• Advances in technology
  • New laws and trading requirements
  • Evolving customer needs
  • Competition

All these factors contribute to the changes we see now and the investments linked to reducing CO2 emissions. They will also accelerate the transformation required.

The need to quickly minimize environmental impact and emissions is heightened by increased demand for environmentally friendly production and products. At the same time, change creates opportunities to lower costs by using new technologies such as automation and rethinking how we work. Reducing costs also includes reducing future emission charges and taxes.

Using data and technology to advance green mining initiatives

Sustainable transformation programs are taking place across all pockets of society. These programs sometimes also result in increased use of resources, especially minerals, which form the basis of almost everything—from smartphones to car batteries. An effective production and supply chain from mine to recycling is needed to ensure these programs are true to their sustainability goals.

In addition to reducing carbon emissions through innovations in raw material extraction and production processes, companies are looking to digital transformation and combining technology with new ways of working to achieve sustainability goals. An example is automating the integration of information from different systems and providing access to all the parties involved to facilitate the digital mining permits processes. This will help speed up the processing of mining permits and similar processes such as infrastructure planning and environmental permits.

Along the entire value chain from raw materials to the finished product, demands are increasing to provide evidence of the so-called “purity.” To achieve this, an increasing amount of produced and stored data is required, which, in turn, requires connection to digital traceability solutions. And, of course, all this additional data must be handled without creating non-green emissions. The application of space technology, for instance, is becoming more common to support traceability and analysis—partly to track and measure emissions and also to understand and optimize the supply chain. For example, the European Space Agency (ESA) has begun working on a digital twin of Earth to understand better how global food management works. Our experts are helping to build the prototype of the digital twin. This is the first step in creating an ecosystem around food management.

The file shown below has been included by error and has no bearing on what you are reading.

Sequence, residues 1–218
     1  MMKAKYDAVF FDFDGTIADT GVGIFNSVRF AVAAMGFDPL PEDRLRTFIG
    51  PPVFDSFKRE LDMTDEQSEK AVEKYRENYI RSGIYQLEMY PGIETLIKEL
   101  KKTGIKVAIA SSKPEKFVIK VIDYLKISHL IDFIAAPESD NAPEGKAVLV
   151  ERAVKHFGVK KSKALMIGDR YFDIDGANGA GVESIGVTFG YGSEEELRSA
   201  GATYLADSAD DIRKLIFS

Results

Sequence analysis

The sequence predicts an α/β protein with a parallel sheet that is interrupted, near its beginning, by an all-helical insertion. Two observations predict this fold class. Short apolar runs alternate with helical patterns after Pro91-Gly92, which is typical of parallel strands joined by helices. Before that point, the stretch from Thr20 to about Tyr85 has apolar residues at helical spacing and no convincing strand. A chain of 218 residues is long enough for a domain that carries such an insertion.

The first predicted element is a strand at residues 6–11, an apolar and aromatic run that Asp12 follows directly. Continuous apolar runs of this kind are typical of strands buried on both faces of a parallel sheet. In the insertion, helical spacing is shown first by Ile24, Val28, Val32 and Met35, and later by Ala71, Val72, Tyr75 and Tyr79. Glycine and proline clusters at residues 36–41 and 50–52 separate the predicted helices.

Building an ecosystem with shared sustainability values

Digital transformation strategies that incorporate data-driven operations are a natural and necessary part of the transformation, so is working with an ecosystem of partners. Therefore, the technology industry will play an important role in supporting the change and will be core to helping mining organizations reinvent for the future. Optimizing processes, transparent reporting of relevant emission KPIs, efficient water consumption and re-use, and energy efficiencies are all areas where metals and mining companies can benefit from deep technology experience.

Moving from reacting to predicting in future mining operations requires collaboration, and to produce carbon-free products, all parties in the ecosystem must be “clean.” At CGI, we are committed to supporting the environment through responsible operating practices and achieving net-zero carbon emissions by 2030. Equally importantly, we are committed to providing robust sustainability solutions to help our clients and partners advance their sustainability journey.

We are at the beginning of the most significant social transformations that have taken place. The change that is happening now and that needs to happen requires collaboration across industries and borders, and we all have a part to play to make it happen. Contact me to learn more about how we can work together to support a green future.

About this author

Robert Ylitalo

Robert Ylitalo

Vice President, Northern Europe

Robert works on strategic planning and partnerships for CGI’s current and new clients. He also is involved in CGI’s future cities, manufacturing and health initiatives. He has more than 20 years of national and international experience within the IT industry, and several years of experience ...